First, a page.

If your little one throws a fit any time another child even looks at his toys, you’re not alone.
There are good reasons for why sharing is hard for toddlers. The gist is that sharing involves social and emotional concepts that take several years for children to fully grasp. That said, you can lay the groundwork for sharing now.
Let’s take a look at the social and emotional “building blocks” of sharing, and how you can weave them into daily life with your little one. Remember, these are very tricky concepts for a toddler. The idea is to talk about them, model them, and help your child practice them so he can get better and better at sharing.
Sharing Concepts to Teach Your Toddler
Perspective-taking is being able to imagine something from someone else’s point of view. By definition, toddlers are “egocentric” — only seeing things from their own perspective. You can plant the seeds of perspective-taking by labeling different points of view for your toddler: “You want the train your friend has but he wants to keep playing with it.” Or: “He’s crying because you grabbed the train. He didn’t like that.”
Once you imagine someone’s perspective, empathy helps you relate to and care about it. Empathy for someone’s feelings is often a motivation to share. Empathy is a big one, so we wrote an entire article about it with practical tips.
Sharing often involves taking turns. A child needs to feel comfortable with concepts like, “You play with that toy while I play with this one, and then we can switch.” This is hard for toddlers because they think if they give something up, they may never get it back. Play plenty of turn-taking games with your toddler (see our BabySparks “Sharing Toys” and “Your Turn, My Turn» activities).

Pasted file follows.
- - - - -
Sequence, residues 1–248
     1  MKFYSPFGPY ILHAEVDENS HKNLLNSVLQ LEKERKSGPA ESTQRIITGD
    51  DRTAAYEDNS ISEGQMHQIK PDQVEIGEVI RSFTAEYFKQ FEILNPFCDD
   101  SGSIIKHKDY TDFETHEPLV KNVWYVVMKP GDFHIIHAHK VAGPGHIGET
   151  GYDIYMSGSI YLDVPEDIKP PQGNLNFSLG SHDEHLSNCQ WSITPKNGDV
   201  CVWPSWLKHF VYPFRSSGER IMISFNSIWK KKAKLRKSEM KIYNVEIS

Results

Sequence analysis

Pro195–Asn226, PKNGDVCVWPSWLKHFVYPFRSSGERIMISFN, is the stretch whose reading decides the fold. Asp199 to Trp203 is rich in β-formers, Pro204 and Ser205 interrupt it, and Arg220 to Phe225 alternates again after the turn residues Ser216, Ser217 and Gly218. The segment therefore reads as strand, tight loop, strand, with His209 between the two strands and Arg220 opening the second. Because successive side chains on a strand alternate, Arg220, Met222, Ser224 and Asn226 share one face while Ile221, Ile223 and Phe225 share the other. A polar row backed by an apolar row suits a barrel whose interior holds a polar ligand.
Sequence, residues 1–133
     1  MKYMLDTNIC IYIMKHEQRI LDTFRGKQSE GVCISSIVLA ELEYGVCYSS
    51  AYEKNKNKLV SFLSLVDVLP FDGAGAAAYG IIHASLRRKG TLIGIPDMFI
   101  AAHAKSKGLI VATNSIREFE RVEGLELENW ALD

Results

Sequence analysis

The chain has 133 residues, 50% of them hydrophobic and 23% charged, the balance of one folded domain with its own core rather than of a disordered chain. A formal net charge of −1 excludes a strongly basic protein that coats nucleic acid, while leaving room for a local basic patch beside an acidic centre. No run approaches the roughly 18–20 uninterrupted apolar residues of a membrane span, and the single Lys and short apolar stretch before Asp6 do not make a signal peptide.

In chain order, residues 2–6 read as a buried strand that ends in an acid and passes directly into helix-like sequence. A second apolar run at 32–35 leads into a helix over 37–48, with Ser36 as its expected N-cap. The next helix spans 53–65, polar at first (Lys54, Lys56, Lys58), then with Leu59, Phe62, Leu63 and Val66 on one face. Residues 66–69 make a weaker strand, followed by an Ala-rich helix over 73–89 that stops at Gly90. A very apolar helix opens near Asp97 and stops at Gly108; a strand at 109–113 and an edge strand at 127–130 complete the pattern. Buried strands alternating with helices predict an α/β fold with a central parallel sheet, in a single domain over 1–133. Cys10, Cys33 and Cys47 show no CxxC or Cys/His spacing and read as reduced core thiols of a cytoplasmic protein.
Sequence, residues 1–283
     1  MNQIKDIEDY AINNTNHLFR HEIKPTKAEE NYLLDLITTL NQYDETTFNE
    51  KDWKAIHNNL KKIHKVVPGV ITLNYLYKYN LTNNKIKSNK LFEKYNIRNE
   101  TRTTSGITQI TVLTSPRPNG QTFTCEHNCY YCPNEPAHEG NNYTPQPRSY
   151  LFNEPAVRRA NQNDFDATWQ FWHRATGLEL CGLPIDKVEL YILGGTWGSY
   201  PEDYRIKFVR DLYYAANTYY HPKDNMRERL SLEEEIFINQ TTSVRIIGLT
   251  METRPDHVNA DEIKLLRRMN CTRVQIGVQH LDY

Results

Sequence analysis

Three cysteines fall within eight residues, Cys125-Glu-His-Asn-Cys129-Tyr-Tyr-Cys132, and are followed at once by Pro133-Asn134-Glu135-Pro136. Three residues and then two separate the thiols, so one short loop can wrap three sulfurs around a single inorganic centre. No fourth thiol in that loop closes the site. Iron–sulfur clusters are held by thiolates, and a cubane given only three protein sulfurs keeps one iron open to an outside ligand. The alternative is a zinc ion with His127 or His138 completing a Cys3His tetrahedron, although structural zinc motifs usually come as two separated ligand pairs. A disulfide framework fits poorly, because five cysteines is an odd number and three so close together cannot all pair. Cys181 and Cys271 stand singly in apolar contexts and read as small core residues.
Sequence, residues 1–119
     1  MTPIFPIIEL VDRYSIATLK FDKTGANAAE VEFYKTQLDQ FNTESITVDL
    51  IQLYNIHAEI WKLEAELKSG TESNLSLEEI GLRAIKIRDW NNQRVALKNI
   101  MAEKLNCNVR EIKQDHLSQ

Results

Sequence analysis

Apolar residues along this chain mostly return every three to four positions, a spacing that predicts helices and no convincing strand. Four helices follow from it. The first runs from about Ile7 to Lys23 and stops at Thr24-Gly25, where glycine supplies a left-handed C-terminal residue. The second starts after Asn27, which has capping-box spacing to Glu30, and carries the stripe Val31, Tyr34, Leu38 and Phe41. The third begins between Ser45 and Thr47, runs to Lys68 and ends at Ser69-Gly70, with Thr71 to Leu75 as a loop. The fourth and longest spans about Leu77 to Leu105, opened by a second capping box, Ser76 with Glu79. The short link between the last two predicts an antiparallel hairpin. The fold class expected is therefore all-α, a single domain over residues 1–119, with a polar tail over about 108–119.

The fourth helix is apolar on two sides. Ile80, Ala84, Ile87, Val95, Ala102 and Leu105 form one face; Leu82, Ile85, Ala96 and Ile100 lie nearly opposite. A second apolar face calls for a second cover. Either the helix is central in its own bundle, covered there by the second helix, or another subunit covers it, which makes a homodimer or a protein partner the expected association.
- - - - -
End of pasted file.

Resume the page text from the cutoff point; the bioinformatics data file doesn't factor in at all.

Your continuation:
Fairness is often a motivation to share. Your child can learn, for instance, that if he commandeers nine toy cars at a playdate and his peer is left with one, it’s more fair to divide them evenly. Guide your child in situations calling for fairness. If he goes for handful after handful of blueberries meant for sharing, try: “These blueberries are for everyone. If you eat them all, the other kids won’t have any. Let’s look for something else to do.”
Sharing is at the heart of cooperation, whether it’s sharing toys while playing together or sharing responsibilities to get something done. Encourage cooperation during play (see our BabySparks “Teamwork” activities). When it comes to sharing responsibilities, invite your toddler to “help” you do a chore (see our BabySparks “Helping Around the House” activities).
When sharing involves taking turns, it means one person has to wait for something they want. Create opportunities for your toddler to wait for something (see our BabySparks activity “Patience, Patience”). Also, point out when he’s waiting patiently, and praise him for it.
Because it takes time to learn these building blocks, toddler sharing squabbles are inevitable. Head over to our article about what to do when your toddler won’t share for tips!